Present Perfect: Future Uncertain?

Present Perfect: Future Uncertain?

When AFC U -14 Festival of Football concluded this week, Nepali boys stood out. The boys played some outstanding football, in a twin-format football championship – playing in 30-minute-a-match and 60-minute-a-match – remaining undefeated throughout.

Of course, Festival of Football is a format where there is no declared winner, but performances at this level show what the football future of the country is likely to be. In that case, Nepal has done well, remaining at the top, where 5 South Asian countries participated.

There is a joy in watching youngsters play. The purity of their play, the innocence and raw skill on display is a delight to watch. They show you the hope, the prospects, the anticipation of what could be tomorrow.

However, given the record, yours truly would take the present success with guarded optimism. For we have seen some brilliant performances in the past which did not translate into performances at the senior level. The players of ANFA Academy – who generally play in this format – have performed brilliantly at this level only to fizzle out later, as senior players.

Consider an example of Academy players like Prabin Manandhar, Sishir Adhikary and Saugat Subba, who were touted as brilliant strikers in age-group level during the turn of this century. Not many know their names now, as they are not in the football system of the country. Had they continued playing, these players would have been in their late 20s now – the age where most players are at their peak performance. Sadly, Nepal is still searching for that elusive striker who could score in international matches.

Why did it happen? Introspection is a must. Catching raw talent at around the age of 12 and nurturing them is a good concept and that’s what ANFA academy is expected to do. However, the problems start after getting the raw talent in. Right after exposure at the age of 13-14, these players remain in the Academy, playing among themselves. The problems do not end before these boys are sent out after playing U-19. Nepali football has dearth of coaches who specialize in nurturing young talent.

Circa 2000, former Chelsea player and erstwhile Yugoslavian national Bojan Milosevic was in charge of the Academy players. He had said then, “5 of these boys have the talent to play in an English Premier League (EPL) side.” That would rank as a generous praise for Nepali football talent. The point here is not why our players are not in the EPL. The point is that we have the raw talent but they’re not being transformed into potent force that Nepali football needs.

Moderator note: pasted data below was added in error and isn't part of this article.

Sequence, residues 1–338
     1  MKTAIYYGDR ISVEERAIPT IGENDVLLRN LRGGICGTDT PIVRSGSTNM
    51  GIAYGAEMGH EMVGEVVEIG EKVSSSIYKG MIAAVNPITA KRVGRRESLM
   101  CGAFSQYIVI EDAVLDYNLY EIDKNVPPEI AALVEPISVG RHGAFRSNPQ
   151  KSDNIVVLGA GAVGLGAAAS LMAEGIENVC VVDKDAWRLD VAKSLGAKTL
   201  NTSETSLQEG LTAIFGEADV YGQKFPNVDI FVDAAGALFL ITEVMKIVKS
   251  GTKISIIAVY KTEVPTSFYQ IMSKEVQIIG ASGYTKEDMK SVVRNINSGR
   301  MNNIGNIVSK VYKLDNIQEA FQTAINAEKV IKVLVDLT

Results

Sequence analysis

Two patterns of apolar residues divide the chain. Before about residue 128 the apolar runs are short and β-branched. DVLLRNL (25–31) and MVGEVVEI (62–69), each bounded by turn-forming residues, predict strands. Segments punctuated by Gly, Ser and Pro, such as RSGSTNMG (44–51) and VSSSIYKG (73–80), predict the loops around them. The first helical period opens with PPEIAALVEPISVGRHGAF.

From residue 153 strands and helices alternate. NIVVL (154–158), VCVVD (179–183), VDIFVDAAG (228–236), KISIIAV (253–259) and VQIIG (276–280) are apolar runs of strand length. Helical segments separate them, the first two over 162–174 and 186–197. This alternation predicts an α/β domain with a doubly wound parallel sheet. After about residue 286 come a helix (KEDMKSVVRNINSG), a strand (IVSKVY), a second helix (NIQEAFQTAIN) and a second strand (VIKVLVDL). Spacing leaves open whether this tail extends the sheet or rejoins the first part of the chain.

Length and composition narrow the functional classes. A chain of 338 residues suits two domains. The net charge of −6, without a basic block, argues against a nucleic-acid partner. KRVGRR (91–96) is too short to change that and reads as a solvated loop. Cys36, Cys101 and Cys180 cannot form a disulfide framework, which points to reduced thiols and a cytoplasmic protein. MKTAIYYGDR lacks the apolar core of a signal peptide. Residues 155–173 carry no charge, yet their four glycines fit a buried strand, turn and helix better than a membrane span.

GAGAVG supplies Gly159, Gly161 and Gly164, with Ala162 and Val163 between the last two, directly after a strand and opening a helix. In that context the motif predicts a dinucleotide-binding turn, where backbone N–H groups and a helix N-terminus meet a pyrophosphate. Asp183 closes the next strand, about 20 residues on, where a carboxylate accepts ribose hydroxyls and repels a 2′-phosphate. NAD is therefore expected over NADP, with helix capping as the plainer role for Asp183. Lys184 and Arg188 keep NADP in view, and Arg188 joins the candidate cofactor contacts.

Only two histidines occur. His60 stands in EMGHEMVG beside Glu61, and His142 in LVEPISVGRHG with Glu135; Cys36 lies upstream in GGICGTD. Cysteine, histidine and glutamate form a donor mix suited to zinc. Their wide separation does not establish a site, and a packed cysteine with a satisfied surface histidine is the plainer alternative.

The diet that these youngsters are given and the training that they receive cannot be called sufficient. Cabbage soup is hardly the diet that produces international footballers. You can visit the ANFA academy during the monsoon season and see the ground condition. Making these youngsters play in those condition would be tantamount to risking their career altogether.

To avoid these problems, football will have to be decentralized too. Not many would forget players like Hari Khadka (who ranks among Nepal’s best) and Basanta Thapa, who had come to national scene through U-16 national championships, as raw talent. Those were inter-district championships, which have not been held for one and half decades now. These two names – coming from Jhapa and Rupandehi – make strong cases for decentralization of the sport.

Till a few years ago, ANFA used to organize U-14 championship for A division Clubs, with the support of Nepal Bank Limited. That was a good initiative, bringing in diverse players. ANFA should try and revive such championships.

Take an example of EPL, where every premiership team has the main team, a reserve team and a youth team. The youth teams play league competition among themselves, which makes players out of youngsters. And in time, when these players graduate to reserve team and thereafter the main team, they are match-ready. If we adopt measures like these and give it a few years, there is no reason why we cannot have strong national team.

Or else we’d have to remain content with glory at age-group tournaments alone.

This write-up appeared in Yours Truly’s weekly column in The Kathmandu post – OFFSIDE – on 26th May, 2012

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